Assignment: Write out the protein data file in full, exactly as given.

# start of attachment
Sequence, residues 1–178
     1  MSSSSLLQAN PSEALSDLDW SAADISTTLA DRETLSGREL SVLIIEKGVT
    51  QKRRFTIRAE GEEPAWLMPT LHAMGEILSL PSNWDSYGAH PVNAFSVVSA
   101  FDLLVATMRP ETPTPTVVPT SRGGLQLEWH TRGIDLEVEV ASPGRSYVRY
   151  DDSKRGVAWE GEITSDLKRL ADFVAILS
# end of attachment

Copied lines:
Sequence, residues 1–178
     1  MSSSSLLQAN PSEALSDLDW SAADISTTLA DRETLSGREL SVLIIEKGVT
    51  QKRRFTIRAE GEEPAWLMPT LHAMGEILSL PSNWDSYGAH PVNAFSVVSA
   101  FDLLVATMRP ETPTPTVVPT SRGGLQLEWH TRGIDLEVEV ASPGRSYVRY
   151  DDSKRGVAWE GEITSDLKRL ADFVAILS